This article was originally published on Common Edge.
Every field has its heroes. In architecture, heroic designers have often been celebrated both for their skills and as public personalities. Frank Lloyd Wright and Louis Kahn were icons in the 20th century. In the 21st, Zaha Hadid was as bold and evocative as her buildings, and she became a “starchitect” (to use the industry-specific parlance), her untimely death further elevating her to what-might-have-been status. But heroes are only human, and their deaths do not automatically convey a permanent place in the pantheon. They do, however, allow for a fresh perspective on the living.
I reside in the New Haven, Connecticut, area, a relatively small city with an outsize architectural legacy. For many decades, Yale has created a fertile field for architects. It is both a world-class patron of buildings and home to an architecture school that has played a huge role in shaping the profession. The school’s deans—luminaries including Paul Rudolph, Charles Moore, Cesar Pelli, Robert A.M. Stern, and now Deborah Berke—are also often worldwide cultural figures. In this same little city, Kevin Roche, Herb Newman, and (in nearby Hartford) Tai Soo Kim won large commissions and saw their structures celebrated across the globe.
But perspective changes over time. The deaths in recent years of designers Pelli and Roche and Yale architectural historian Vincent Scully have brought to many a sharp focus to the reality that time is fleeting, that even the great are mortal. We all have limited time on this planet, so this post-mortem consciousness raises the value of appreciating living practitioners as well. Rather than continually looking to the past, let’s listen to those who are here and who have changed the world in ways small and large.
Newman, of Newman Architects, has been a major figure in New Haven, helping the entire Ninth Square neighborhood become a vital part of the city. Perhaps more important, his design, his work as an educator, and his scores of awards over the past half-century make him a true hero of architecture’s possibilities. When I asked him about his career, his answer was as applicable to the moment as it was to him more than six decades ago:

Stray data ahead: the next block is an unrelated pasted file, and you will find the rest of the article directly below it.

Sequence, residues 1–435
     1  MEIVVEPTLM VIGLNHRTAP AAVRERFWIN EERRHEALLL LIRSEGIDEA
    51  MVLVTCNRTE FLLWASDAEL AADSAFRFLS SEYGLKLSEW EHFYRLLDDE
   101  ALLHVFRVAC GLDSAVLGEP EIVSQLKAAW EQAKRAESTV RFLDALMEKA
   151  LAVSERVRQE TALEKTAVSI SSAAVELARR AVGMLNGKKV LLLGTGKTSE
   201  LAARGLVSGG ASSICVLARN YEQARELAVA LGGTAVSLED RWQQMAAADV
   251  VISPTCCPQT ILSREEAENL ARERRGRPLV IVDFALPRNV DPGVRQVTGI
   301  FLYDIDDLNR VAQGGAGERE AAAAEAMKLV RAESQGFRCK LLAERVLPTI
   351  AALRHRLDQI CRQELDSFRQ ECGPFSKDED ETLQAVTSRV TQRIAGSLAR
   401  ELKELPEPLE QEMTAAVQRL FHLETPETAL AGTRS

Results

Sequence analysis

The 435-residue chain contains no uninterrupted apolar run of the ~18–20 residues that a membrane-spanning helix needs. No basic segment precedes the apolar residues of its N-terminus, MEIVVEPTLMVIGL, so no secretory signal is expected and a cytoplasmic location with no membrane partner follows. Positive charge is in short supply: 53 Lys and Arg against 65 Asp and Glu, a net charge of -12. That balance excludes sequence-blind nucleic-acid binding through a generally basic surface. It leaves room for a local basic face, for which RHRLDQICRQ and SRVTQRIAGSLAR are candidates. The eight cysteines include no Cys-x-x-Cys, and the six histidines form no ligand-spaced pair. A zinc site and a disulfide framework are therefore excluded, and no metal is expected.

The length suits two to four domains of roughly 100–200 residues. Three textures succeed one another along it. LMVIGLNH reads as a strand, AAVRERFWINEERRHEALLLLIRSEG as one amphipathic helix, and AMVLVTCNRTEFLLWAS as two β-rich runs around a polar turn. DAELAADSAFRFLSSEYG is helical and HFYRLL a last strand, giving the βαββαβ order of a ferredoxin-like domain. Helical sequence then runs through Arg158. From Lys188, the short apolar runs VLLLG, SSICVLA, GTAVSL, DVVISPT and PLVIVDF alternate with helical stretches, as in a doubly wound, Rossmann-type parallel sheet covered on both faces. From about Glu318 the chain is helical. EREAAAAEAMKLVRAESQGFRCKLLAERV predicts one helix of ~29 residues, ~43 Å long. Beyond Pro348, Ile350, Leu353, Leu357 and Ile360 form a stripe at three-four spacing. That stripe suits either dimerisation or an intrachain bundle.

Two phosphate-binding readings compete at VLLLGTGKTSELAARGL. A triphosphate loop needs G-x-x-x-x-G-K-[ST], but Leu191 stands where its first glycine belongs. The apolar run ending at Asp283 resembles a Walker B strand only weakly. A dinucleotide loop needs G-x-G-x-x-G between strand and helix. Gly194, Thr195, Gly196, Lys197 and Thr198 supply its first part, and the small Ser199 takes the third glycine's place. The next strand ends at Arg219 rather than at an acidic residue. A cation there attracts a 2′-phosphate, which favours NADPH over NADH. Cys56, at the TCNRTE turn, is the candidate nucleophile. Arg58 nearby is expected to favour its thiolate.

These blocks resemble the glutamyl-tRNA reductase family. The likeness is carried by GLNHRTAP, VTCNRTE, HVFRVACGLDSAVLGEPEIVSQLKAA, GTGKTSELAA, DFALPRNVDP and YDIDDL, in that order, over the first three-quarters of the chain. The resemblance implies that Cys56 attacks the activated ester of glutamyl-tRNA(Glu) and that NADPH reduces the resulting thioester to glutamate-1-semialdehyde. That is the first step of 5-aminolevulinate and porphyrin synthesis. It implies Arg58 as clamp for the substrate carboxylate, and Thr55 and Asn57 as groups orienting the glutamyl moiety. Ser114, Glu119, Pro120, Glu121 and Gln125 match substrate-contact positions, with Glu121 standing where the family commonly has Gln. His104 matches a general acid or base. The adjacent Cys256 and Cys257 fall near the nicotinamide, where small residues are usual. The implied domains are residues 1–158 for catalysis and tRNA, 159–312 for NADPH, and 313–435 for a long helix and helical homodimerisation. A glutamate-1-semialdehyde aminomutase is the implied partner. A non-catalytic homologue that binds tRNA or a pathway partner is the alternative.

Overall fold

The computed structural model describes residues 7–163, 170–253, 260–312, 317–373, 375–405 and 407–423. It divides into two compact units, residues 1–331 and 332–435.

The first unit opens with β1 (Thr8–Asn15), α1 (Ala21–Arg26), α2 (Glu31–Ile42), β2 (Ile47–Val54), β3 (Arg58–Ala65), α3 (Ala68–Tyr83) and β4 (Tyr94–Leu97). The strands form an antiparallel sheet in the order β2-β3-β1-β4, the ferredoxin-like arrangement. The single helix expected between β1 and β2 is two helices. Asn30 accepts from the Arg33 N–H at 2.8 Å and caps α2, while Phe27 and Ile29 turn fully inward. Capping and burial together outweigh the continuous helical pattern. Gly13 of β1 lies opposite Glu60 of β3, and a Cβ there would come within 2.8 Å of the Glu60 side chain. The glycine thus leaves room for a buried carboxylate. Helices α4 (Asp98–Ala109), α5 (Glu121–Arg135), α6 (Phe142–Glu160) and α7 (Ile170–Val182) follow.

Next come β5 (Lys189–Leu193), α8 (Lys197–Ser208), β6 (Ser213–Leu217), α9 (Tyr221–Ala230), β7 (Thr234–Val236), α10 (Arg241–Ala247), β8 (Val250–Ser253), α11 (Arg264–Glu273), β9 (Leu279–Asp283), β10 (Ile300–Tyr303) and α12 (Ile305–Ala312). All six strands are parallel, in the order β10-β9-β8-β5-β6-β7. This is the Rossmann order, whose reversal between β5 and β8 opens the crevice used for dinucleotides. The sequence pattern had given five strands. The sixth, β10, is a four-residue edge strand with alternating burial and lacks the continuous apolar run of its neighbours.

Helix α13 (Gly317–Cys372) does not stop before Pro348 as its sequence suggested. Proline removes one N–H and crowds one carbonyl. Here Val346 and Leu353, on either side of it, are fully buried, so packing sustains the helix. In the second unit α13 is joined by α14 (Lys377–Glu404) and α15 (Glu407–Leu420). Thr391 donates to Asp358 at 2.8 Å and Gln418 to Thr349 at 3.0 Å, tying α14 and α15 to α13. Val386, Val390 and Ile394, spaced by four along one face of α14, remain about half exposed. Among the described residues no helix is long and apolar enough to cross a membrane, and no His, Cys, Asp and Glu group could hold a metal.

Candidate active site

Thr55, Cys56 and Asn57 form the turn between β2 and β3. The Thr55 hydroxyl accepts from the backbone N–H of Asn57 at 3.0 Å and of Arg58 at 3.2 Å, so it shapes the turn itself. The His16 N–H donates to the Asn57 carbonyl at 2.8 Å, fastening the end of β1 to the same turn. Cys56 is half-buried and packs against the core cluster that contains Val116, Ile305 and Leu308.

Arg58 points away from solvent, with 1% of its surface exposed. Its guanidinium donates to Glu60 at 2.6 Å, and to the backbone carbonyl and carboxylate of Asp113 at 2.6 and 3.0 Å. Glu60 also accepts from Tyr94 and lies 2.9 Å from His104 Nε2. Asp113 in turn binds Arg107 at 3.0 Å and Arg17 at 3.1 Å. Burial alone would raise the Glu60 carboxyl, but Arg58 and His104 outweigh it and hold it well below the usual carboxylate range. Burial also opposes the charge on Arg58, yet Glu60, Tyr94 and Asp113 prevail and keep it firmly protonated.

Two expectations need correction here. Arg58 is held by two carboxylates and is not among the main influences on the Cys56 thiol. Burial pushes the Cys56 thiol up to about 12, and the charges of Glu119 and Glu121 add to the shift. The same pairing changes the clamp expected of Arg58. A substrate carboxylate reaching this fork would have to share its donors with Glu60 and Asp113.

“I questioned my career choice when I was new to the profession because I didn’t make the connection between my aspiration to make beautiful things and my parents’ view that I should do something to help people and make a better world. As I approach the end of my career, I recognize it is my love of human beings and human interchange which has guided my aesthetic urges.”
Newman’s deeply humanistic motivation casts his architecture in a new light. Contrast that with the quiet intensity of Tai Soo Kim, who arrived in America almost 40 years ago with the goal of becoming an architect. His deft hand has helped create schools all over New England. And his awareness of the context of his work is matched only by his humility:
“We shouldn’t forget how important this work is, and the impact it has on each community we work in. Even the smallest project is an opportunity to make something extraordinary from something ordinary. I think about architecture all the time. Especially during my morning walks in the park.”
Although Robert A.M. Stern may be among the most famous names in the field, the former Yale architecture dean holds a cautionary perspective. His firm is based in New York City, but he maintains an ongoing presence in New Haven. Stern’s thoughts on architecture can be extended to our entire culture:
“These are difficult but interesting times for the profession, as the age-old authority of built form is challenged by the immense imagistic power of electronic media, which some architects find so compelling that they are prepared to overthrow architecture as we know it. Though new times need new solutions, architecture has an obligation to see beyond the moment. It will be too bad if we succumb to the siren song of electronics only to realize that we have traded a physical architecture of solid and void for an illusionistic world of smoke, mirrors, mist, and fog. Architects should stop worrying about self-expression and zeitgeist. This leads to an obsession with saying things differently, as opposed to saying them clearly or meaningfully.”
It is easy to praise those who have departed, but these three architects—and many, many more—are still in the full force of creation and influence. Their perspectives about how the world is changing, and how architecture can meet those changes, are invaluable. We should spend a little less time praising the past and instead expend some of that energy on the present—and the future.